Frailty is one of the most well-known geriatric syndromes, which is more prevalent in females than males (with frailty percentages of 48.8% vs. 41.8%) [32,33] and is related to age and lower ability to maintain homeostasis. It is characterized by weakness, sarcopenia, reduced stress response, and low physical activity and resistance [34]. The higher frailty prevalent susceptibility in women versus men reduces physiological function and vests a greater risk of developing age-related diseases such as CVD associated-CKD [35].
There are different methods of assessing frailty in a person (Table 1). However, the Frailty Phenotype and Frailty Index of Accumulative Deficits are the most accepted and validated tests [36]. In general, the frailty rate increases with age, reaching the peak of 85 years or more [30,37,38].
Age-related comorbidities increase the frailty rate. This phenomenon occurs in CKD, correlating with the appearance of comorbidities such as diabetes mellitus and CVD [26,39,40].
Table 1. Frailty measurement test.
Table 1. Frailty measurement test.
Frailty phenotype (Fried criteria)/Cardiovascular health studyUnintentional weight loss >4.5 kg in the last year
Weakness (low grip strength)
Fatigue and low resistance
Low physical capacity
Frailty index of accumulative deficits≥30 symptoms, disease, disabilities, comorbidities, or health deficiencies
Expressed as a ratio (for example 3/30 = 0.1)
Vulnerable elders survey13 questions about age, self-perceptions of health, needing assistance in daily activities, and physical ability
A patient with a score of ≥3 is considered vulnerable
Sarcopenia (loss of muscle due to aging)Rectus femoris cross-sectional area by ultrasound
Computed tomography of the left and right psoas muscles at the L4 vertebra
Frailty index derived from the comprehensive geriatric assessmentClinical analysis of medical, nutritional, functional, and psychological variables
Initially 10 domains, but later expanded to 52 domains
Edmonton frailty scaleEvaluation of 17 variables on cognition, general health status, self-reported health, functional independence, social support, polypharmacy, mood, continence, and functional performance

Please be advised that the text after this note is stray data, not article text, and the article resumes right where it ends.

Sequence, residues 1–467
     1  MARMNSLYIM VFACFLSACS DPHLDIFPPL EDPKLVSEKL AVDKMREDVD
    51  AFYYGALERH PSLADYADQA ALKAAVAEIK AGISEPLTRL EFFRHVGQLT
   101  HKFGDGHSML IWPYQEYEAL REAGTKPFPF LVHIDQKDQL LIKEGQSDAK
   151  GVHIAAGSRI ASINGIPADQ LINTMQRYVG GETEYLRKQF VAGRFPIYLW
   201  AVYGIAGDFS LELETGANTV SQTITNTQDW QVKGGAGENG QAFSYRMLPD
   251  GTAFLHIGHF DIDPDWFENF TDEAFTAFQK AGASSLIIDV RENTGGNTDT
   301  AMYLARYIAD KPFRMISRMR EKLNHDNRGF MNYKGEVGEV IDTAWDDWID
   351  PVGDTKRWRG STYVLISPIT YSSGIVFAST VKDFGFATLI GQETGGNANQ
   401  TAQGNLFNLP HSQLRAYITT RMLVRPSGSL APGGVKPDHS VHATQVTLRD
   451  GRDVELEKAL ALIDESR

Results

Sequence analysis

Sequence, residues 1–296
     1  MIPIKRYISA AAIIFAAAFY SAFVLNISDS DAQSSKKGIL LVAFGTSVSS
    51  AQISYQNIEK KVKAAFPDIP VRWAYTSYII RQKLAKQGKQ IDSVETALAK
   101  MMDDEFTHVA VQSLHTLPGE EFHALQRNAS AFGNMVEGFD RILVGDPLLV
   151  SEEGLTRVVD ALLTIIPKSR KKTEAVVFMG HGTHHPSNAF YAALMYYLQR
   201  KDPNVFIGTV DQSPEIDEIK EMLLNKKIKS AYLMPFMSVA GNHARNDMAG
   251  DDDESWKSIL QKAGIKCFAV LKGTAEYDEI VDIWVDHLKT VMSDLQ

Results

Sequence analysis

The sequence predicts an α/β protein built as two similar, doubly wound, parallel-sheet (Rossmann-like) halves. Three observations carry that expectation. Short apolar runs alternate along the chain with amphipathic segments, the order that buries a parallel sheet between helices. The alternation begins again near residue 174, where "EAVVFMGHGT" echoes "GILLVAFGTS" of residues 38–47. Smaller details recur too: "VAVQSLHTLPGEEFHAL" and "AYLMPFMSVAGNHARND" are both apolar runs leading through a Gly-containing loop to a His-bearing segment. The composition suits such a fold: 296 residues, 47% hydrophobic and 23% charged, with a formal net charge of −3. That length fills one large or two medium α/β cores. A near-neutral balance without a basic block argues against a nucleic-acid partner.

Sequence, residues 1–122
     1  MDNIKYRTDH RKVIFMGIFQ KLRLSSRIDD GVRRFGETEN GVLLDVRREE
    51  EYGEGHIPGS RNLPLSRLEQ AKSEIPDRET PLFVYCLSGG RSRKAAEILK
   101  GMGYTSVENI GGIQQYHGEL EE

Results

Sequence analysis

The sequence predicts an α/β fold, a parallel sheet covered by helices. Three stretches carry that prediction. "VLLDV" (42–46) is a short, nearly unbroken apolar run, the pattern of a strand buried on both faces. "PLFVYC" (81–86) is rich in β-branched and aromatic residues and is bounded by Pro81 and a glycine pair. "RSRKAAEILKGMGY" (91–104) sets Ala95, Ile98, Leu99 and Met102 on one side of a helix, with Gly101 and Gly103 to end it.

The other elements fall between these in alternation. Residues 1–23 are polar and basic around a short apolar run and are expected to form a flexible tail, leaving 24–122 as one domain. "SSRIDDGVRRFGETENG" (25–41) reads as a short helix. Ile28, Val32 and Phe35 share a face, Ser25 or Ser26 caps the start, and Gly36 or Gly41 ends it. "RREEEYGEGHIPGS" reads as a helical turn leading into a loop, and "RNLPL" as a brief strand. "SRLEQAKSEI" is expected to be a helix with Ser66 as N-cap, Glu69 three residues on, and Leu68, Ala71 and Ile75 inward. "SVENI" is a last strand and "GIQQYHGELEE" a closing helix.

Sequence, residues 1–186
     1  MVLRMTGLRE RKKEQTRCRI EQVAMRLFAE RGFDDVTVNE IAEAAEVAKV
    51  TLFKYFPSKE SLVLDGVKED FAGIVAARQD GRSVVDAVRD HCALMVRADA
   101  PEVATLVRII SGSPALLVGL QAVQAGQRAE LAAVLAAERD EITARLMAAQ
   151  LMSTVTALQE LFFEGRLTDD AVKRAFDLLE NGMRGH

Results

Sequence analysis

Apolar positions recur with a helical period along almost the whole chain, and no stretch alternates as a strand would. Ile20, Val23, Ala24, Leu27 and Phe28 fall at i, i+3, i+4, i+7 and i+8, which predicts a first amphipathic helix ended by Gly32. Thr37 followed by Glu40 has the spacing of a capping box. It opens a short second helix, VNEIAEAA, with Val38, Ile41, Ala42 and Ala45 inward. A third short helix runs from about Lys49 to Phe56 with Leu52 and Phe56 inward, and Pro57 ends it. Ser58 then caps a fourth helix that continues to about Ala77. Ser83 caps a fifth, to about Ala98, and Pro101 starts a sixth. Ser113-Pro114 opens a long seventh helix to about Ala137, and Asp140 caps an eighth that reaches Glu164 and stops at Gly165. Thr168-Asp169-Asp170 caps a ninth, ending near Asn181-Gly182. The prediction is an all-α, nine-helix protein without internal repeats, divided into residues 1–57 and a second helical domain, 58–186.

A person with a score >5 is considered frail, with different severity depending on the score: vulnerable (6–7), mildly frail (8–9), moderately frail (10–11), and severely frail (12–17)
Tilburg frailty indicator15 self-reported items evaluating: physical components (weight loss, balance, difficulty in walking, health, gripping, vision, and tiredness), psychological factors (memory, anxiety, coping mechanisms and feeling down), social elements (living conditions, social isolation, social support)
A person with a score of ≥5 is considered frail

3. Chronic Kidney Disease

3.1. Brief Description of Chronic Kidney Disease

CKD is a progressive and irreversible condition whose definitions and classification have evolved over time. The international guidelines currently define CKD as a glomerular filtration rate (GFR) of <60 mL/min/1.73 m2 or evident structural kidney damage observed using diagnostic techniques for >3 months [49].
Diabetes and hypertension are the main etiologies of CKD worldwide [50]. However, regardless of the underlying cause, the functional and structural alterations associated with renal aging are considered a primary pathogenic mechanism in CKD development. Thus, CKD has become the main warning sign of premature aging, associated with high morbidity and mortality rates and high economic costs due to both drug treatment and renal replacement therapy [51,52]. CKD currently affects 10% of the adult population [49,50], but this percentage will be increased with the predicted population aging, with a devastating impact on patients and family members.

3.2. Chronic Kidney Disease during the Process of Physiological Aging